Suppose Jim observes $\displaystyle X_1, ..., X_m \stackrel{iid}{\sim} f(x | \theta)$ and wishes to make inference on $\displaystyle \theta$. Having taken a course in mathematical statistics, Jim identifies a minimal sufficient statistic $\displaystyle T(X_1, ..., X_m)$, calculates it, and throws the rest of the data away.

Later, Jim realizes he actually had another observation $\displaystyle X_{m + 1}$ that he didn't factor into the calculation of his minimal sufficient statistic. Can Jim, having thrown away most of his data, still recover a minimal sufficient statistic that takes into account all of the data?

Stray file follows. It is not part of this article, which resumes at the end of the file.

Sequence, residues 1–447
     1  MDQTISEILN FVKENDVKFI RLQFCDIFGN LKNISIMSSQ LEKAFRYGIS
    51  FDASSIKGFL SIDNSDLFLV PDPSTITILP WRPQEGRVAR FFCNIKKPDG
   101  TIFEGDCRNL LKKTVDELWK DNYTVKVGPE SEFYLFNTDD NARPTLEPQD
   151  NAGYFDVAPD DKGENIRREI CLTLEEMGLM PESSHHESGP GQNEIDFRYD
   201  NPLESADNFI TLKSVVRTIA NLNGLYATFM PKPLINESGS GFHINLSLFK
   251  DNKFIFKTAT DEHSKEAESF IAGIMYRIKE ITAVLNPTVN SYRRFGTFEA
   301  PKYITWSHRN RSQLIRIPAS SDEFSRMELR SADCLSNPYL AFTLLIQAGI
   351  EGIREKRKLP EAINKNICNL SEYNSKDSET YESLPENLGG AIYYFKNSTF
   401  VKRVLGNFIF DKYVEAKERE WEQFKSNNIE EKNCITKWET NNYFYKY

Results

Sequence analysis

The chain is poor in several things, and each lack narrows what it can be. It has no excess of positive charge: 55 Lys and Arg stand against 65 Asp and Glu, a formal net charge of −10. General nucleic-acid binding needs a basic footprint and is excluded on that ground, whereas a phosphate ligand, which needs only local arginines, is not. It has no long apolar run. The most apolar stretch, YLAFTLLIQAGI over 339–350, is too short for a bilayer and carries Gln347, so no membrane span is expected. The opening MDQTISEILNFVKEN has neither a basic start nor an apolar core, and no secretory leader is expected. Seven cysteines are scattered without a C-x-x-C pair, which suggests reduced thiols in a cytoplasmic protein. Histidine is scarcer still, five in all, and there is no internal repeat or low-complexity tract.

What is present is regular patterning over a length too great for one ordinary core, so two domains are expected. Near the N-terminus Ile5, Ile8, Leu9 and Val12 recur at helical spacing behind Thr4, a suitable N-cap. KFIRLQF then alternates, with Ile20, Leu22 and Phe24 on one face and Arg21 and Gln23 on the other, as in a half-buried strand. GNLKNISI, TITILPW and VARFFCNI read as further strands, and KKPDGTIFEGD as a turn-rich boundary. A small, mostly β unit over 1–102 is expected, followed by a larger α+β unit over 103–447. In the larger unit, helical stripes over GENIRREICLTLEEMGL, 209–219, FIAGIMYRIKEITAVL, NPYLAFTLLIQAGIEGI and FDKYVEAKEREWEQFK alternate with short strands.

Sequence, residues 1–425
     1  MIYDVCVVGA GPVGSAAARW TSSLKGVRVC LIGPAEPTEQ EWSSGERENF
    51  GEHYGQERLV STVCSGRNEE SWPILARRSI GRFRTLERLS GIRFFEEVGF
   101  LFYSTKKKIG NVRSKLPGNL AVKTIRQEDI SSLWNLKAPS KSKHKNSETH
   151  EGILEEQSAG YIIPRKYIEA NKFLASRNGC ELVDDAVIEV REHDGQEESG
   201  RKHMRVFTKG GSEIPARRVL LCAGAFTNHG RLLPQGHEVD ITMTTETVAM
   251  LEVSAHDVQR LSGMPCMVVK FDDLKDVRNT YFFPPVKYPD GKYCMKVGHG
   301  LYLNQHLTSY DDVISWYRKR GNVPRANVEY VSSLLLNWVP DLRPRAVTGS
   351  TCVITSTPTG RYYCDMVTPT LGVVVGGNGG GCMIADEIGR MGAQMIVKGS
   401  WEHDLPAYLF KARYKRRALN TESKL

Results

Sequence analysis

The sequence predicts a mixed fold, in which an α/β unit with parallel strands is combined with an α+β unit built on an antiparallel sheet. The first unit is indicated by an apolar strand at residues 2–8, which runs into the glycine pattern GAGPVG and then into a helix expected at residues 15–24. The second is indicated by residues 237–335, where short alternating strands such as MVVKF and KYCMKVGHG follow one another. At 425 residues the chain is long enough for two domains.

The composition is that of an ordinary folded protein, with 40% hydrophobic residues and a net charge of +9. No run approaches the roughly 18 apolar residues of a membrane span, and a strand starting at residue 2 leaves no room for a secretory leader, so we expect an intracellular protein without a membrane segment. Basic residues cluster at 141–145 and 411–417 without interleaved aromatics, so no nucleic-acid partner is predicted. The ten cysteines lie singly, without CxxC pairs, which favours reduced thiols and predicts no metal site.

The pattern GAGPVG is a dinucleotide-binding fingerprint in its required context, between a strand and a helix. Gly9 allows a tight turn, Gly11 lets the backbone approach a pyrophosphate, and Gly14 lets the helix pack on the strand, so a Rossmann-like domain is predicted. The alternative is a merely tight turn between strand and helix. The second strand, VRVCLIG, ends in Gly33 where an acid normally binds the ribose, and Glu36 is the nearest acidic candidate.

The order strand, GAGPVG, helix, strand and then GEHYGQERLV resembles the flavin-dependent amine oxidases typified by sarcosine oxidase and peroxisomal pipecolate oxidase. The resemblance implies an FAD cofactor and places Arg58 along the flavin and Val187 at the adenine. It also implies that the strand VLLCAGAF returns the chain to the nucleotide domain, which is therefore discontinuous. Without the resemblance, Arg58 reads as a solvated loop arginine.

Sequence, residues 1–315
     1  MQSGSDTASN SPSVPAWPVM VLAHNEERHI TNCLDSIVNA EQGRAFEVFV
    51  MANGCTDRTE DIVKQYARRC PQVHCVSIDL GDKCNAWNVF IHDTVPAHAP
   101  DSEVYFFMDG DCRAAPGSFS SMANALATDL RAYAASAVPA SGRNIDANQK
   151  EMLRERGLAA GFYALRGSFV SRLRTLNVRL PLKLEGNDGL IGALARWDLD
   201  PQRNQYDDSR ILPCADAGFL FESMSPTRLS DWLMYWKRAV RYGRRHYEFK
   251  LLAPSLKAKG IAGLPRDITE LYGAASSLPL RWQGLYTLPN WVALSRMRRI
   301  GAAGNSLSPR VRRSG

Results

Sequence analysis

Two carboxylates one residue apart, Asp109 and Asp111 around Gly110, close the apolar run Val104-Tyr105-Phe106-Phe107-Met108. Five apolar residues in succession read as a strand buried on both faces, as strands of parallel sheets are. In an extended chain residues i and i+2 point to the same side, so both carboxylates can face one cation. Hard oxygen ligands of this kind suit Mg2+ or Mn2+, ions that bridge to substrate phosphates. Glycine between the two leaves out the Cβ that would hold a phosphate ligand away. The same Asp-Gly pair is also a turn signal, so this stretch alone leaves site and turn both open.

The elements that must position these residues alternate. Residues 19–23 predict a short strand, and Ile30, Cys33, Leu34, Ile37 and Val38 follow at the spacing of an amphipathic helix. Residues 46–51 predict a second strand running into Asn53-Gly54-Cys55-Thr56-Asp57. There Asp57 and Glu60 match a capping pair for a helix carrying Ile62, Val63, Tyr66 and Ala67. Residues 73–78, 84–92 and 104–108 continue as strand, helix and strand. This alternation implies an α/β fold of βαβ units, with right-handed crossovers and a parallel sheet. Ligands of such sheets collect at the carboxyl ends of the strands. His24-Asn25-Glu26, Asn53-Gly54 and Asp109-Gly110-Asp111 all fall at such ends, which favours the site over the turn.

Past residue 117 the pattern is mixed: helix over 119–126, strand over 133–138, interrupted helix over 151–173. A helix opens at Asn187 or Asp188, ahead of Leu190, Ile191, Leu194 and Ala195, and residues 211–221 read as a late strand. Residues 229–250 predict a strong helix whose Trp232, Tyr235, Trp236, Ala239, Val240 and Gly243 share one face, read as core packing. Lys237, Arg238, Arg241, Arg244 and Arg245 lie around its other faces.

This isn't a homework problem or anything, I'm just curious. Intuitively I would think the answer is yes, but I have no ideas for how to prove it (nor the time, since I have a bunch of midterms to study for ). An example of what I'm talking about would be that $\displaystyle (\sum X_i, \sum X_i ^ 2)$ is minimal sufficient for $\displaystyle X_i \stackrel{iid}{\sim} N(\theta, \sigma^2)$, both unknown, and given a new observation it is trivial to calculate a new minimal sufficient statistic.